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T. B. Parkin, T. C. Kaspar, Z. Senwo, J. H. Prueger, and J. L. Hatfield

Abstract

Soil respiration is an important component of the carbon dynamics of terrestrial ecosystems. Many factors exert controls on soil respiration, including temperature, soil water content, organic matter, soil texture, and plant root activity. This study was conducted to quantify soil respiration in the Walnut Creek watershed in central Iowa, and to investigate the factors controlling this process. Six agricultural fields were identified for this investigation: three of the fields were cropped with soybean [Glycine max (L.) Merr.] and three were cropped with corn (Zea mays L.). Within each field, soil respiration was measured at nine locations, with each location corresponding to one of three general landscape positions (summit, side slope, and depression). Soil respiration was measured using a portable vented chamber connected to an infrared gas analyzer. Soil samples were collected at each location for the measurement of soil water content, pH, texture, microbial biomass, and respiration potential. Field respiration rates did not show a significant landscape effect. However, there was a significant crop effect, with respiration from cornfields averaging 37.5 g CO2 m−2 day−1 versus an average respiration of 13.1 g CO2 m−2 day−1 in soybean fields. In contrast, laboratory measurements of soil respiration potential, which did not include plant roots, showed a significant landscape effect and an insignificant cropping system effect. Similar relationships were observed for soil organic C and microbial biomass. Additional analyses indicate that corn roots may be more important than soybean roots in their contribution to surface CO2 flux, and that root respiration masked landscape effects on total soil respiration. Also, the failure to account for soil respiration may lead to biased estimates of net primary production measured by eddy covariance.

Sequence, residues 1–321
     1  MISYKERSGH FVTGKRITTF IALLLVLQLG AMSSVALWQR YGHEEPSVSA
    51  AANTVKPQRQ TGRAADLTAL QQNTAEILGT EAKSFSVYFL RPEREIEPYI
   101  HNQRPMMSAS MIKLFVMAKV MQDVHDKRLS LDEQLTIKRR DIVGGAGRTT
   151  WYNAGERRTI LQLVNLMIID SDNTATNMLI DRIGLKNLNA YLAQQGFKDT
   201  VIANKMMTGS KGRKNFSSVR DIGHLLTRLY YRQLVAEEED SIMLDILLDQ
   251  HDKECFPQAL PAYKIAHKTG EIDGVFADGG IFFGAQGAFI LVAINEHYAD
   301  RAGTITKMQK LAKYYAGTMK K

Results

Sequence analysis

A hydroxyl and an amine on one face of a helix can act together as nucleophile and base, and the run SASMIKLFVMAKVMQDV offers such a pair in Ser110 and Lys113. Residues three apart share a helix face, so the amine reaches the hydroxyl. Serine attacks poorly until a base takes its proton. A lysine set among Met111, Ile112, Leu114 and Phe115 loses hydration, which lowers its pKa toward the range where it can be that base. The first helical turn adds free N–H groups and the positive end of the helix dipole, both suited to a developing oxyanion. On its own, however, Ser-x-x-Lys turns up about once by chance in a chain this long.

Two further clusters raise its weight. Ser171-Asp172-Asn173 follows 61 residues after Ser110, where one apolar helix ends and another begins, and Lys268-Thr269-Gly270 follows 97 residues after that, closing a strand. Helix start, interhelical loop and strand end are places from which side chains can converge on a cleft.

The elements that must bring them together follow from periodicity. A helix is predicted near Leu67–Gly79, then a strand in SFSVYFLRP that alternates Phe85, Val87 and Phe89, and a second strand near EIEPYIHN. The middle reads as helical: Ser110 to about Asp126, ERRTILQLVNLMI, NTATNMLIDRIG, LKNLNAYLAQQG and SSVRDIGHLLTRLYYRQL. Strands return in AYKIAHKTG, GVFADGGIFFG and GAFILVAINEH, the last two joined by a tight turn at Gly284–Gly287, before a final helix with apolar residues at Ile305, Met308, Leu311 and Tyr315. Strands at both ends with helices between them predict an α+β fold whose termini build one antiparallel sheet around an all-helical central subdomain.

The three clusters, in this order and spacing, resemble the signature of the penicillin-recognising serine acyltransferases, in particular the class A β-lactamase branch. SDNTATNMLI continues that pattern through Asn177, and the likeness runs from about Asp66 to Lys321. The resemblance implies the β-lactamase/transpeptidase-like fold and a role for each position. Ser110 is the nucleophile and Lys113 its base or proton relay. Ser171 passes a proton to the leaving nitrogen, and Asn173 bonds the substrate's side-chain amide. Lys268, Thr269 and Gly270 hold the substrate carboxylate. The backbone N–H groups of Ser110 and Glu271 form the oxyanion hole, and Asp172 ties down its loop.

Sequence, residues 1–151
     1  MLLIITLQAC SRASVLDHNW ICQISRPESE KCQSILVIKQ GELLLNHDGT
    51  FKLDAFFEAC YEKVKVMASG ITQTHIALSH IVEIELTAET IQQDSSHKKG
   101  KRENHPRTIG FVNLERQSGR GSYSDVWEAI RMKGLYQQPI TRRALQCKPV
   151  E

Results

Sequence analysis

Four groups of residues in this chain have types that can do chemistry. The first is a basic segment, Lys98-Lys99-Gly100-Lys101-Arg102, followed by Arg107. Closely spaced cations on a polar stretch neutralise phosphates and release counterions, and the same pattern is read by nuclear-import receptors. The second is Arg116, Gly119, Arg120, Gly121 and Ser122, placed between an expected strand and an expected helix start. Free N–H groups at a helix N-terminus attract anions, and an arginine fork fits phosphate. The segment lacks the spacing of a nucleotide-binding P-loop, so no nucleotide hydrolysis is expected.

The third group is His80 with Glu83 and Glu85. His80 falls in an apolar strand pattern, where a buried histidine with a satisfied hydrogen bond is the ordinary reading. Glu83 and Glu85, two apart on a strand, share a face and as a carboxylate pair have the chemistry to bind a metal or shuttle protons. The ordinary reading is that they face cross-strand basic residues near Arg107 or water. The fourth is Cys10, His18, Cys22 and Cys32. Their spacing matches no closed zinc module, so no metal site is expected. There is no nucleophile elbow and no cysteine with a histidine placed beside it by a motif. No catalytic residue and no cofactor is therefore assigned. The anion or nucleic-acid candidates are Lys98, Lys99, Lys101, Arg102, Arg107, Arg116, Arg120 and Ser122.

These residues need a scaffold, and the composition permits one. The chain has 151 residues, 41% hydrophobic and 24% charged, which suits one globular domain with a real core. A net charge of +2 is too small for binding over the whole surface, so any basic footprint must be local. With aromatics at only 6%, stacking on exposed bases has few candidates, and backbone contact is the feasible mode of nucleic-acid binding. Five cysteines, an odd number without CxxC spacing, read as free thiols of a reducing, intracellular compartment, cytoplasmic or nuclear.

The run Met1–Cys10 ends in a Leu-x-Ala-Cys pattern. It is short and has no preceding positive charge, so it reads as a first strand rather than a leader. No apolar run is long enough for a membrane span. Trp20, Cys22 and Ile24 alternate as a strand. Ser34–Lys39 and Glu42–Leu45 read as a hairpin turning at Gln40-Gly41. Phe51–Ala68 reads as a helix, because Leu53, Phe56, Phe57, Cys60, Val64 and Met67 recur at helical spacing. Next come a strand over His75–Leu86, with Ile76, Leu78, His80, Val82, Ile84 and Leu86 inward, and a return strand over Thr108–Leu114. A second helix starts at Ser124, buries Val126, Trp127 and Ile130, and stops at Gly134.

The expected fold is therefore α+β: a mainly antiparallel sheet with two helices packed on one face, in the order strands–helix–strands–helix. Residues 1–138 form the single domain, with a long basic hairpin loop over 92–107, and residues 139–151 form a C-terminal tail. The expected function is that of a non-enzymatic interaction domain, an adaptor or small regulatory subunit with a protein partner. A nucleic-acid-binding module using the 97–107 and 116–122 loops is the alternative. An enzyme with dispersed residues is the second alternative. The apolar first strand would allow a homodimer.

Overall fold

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J. H. Prueger, J. L. Hatfield, T. B. Parkin, W. P. Kustas, L. E. Hipps, C. M. U. Neale, J. I. MacPherson, W. E. Eichinger, and D. I. Cooper

Abstract

A network of eddy covariance (EC) and micrometeorological flux (METFLUX) stations over corn (Zea mays L.) and soybean [Glycine max (L.) Merr.] canopies was established as part of the Soil Moisture–Atmosphere Coupling Experiment (SMACEX) in central Iowa during the summer of 2002 to measure fluxes of heat, water vapor, and carbon dioxide (CO2) during the growing season. Additionally, EC measurements of water vapor and CO2 fluxes from an aircraft platform complemented the tower-based measurements. Sensible heat, water vapor, and CO2 fluxes showed the greatest spatial and temporal variability during the early crop growth stage. Differences in all of the energy balance components were detectable between corn and soybean as well as within similar crops throughout the study period. Tower network–averaged fluxes of sensible heat, water vapor, and CO2 were observed to be in good agreement with area-averaged aircraft flux measurements.

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